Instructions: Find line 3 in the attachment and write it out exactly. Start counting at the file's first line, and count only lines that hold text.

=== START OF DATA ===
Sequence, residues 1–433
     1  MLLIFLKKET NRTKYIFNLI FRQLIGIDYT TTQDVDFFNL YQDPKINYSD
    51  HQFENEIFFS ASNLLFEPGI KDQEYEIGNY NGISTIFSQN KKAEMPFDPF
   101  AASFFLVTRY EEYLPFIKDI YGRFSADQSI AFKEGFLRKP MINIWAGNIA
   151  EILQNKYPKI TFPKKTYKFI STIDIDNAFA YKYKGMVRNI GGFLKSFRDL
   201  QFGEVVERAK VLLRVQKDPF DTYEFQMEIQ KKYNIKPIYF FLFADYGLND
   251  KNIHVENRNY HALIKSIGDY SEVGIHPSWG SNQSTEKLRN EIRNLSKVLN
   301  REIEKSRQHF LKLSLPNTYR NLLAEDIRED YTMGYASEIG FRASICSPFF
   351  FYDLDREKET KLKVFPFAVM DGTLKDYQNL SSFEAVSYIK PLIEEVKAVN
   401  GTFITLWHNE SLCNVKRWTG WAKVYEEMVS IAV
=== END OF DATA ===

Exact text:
    51  HQFENEIFFS ASNLLFEPGI KDQEYEIGNY NGISTIFSQN KKAEMPFDPF